When I think too much about what I perceive are my life's hardships [i.e. become too introspective] this is where my thoughts go:
Why is this so hard?
What did I do to deserve this?
If I had made this choice differently x number of years ago, would I have avoided this hardship today?
If I dwell in that place too long, it is damaging to my joy.
Well, here is a thought-provoking excerpt from a blog called Compared to Who? written by a Christian gal named Heather Creekmore. This is from her post, What Do You Do When it Hurts?
I love the Olympics. I am amazed by the participants. Watching the gymnasts, swimmers, divers, runners, rowers, and athletic powerhouses in every category of competition is impressive. It’s thrilling to see them make it to this moment and, in many cases, to watch them win.
But, I wonder. Could they have ever made it to that medal stand without pain? If they had trained “hurt free” for decades, would they have ever had the opportunity to compete for gold? How many times did those gymnasts fall from the uneven bars? How many years did those swimmers’ arms’ ache after nine hours of training in the pool? How many missed twists off the 10 meter caused a sting to the diver’s body? How many times have these athletes been treated for torn ligaments, strained muscles, or even broken bones? How many times has it hurt SO bad that they questioned whether or not they should continue?
My thought for the day is that working out, if done well, is not pain-free. If you want to succeed as an athlete. There will be pain.
Same with life. Somewhere, somehow, we got the impression that because we are Americans life will be pain free. As Christians we take that one step further, believing that because we have God on our side we are even more immunized from hurt. If it makes you say “ouch” we quickly search for an escape. We assume we should be able to get away because, surely, that’s not what God has for us. We “claim” the Bible verses that speak to God’s protection as our shields against enduring hardships. We ignore the verses that promise things like, “we will be persecuted” (John 15:18-21) or you, “will have trouble” (John 16:33). Even the oft-quoted 23rd Psalm mentions going through the “valley of the shadow of death.”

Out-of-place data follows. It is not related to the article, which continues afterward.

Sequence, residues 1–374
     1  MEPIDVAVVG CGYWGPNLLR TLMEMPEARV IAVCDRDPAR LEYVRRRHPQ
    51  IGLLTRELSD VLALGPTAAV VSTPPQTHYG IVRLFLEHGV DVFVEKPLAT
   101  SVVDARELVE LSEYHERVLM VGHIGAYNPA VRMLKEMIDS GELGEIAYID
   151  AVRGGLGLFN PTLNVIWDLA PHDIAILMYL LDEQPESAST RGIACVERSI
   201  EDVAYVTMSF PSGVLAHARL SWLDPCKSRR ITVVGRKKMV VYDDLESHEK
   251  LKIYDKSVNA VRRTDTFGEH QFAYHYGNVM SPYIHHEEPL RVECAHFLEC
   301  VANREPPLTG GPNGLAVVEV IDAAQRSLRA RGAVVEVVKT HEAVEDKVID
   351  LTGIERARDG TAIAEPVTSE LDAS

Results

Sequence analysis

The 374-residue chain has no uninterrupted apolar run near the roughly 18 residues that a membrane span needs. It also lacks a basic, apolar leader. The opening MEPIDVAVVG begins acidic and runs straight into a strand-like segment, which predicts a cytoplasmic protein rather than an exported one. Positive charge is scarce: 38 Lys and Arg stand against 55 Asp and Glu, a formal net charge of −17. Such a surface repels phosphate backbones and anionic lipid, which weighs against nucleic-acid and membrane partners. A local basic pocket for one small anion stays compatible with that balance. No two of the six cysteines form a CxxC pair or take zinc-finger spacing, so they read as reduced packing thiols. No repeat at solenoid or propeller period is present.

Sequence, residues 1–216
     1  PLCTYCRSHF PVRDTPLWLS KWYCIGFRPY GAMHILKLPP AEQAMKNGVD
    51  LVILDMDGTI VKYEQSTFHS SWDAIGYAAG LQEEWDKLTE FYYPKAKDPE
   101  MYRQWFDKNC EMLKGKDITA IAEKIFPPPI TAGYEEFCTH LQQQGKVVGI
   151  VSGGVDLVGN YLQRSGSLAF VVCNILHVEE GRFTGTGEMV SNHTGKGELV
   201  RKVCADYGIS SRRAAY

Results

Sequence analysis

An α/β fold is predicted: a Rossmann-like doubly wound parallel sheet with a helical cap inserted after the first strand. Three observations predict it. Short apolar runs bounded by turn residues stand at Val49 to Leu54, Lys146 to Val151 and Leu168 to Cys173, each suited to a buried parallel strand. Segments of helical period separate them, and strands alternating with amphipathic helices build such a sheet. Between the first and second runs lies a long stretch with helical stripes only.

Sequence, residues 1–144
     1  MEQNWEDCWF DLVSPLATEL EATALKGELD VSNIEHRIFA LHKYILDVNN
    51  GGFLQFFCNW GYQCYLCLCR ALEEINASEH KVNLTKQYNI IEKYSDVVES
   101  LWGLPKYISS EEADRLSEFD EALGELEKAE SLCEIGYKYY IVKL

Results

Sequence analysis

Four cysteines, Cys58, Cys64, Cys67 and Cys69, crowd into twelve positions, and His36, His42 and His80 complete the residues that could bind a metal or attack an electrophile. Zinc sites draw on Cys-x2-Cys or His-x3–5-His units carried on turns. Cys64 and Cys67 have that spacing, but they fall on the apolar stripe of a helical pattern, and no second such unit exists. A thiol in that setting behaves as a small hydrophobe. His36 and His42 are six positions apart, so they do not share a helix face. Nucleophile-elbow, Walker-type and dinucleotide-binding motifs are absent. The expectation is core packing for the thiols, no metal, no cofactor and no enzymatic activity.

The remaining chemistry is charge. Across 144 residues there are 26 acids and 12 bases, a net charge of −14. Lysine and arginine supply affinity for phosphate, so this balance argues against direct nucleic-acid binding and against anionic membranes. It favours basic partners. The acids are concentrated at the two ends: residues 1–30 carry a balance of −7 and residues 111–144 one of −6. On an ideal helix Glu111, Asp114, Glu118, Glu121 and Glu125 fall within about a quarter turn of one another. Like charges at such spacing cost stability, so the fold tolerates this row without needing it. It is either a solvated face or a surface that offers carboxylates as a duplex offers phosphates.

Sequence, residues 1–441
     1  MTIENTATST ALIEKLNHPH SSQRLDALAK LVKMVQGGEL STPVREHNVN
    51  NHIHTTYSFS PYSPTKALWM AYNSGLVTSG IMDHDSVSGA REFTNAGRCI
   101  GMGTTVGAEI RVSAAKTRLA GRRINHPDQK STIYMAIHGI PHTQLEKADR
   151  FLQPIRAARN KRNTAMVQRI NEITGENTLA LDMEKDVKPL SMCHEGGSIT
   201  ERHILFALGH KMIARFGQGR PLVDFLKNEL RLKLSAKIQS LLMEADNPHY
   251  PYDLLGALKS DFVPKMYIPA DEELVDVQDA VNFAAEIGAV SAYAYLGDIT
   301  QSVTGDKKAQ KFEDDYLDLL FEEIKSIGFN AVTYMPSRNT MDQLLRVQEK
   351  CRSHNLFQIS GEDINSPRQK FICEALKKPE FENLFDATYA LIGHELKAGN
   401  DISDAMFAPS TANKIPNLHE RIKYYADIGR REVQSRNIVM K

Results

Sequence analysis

What we miss is that the promise is that God is with us through the hurt. It is not that life will be pain-free. The promise is that He will never leave us, nor forsake us. (Hebrews 13:5) That He will be with us as we walk through that dark, dark valley. (Psalm 23:4) The promise is that we have no reason to fear because we know God is in control.
I'll be honest. I want my life to be pain-free. Without annoyances. No inconveniences. Where everything goes my way. And since it's summertime, I'll say I'm tired of pulling weeds! both literally and proverbially. *wink*
But Heather Creekmore is right—do I/we ignore the Bible verses that indicate we will have troubles in this life? In fact, 1 Peter 4:12 says, "Dear friends, don't be surprised at the fiery trials you are going through, as if something strange were happening to you." (That whole chapter gives excellent perspective and encouragement, by the way!)
But she is also right as she points out where our hope needs to lie: in God's promises (especially the ones in bold print above). He will not leave us! I love John 16:33—"In this world you will have trouble, but take heart for I have overcome the world!" Our Savior, Jesus, cares for us—and He wins the battle in the end—and you can take heart in that! :)
(There's also the aspect that troubles and trials build character— halleluiah! our trials are not wasted!— and for that, I call God the Great Recycler! But that's another post....)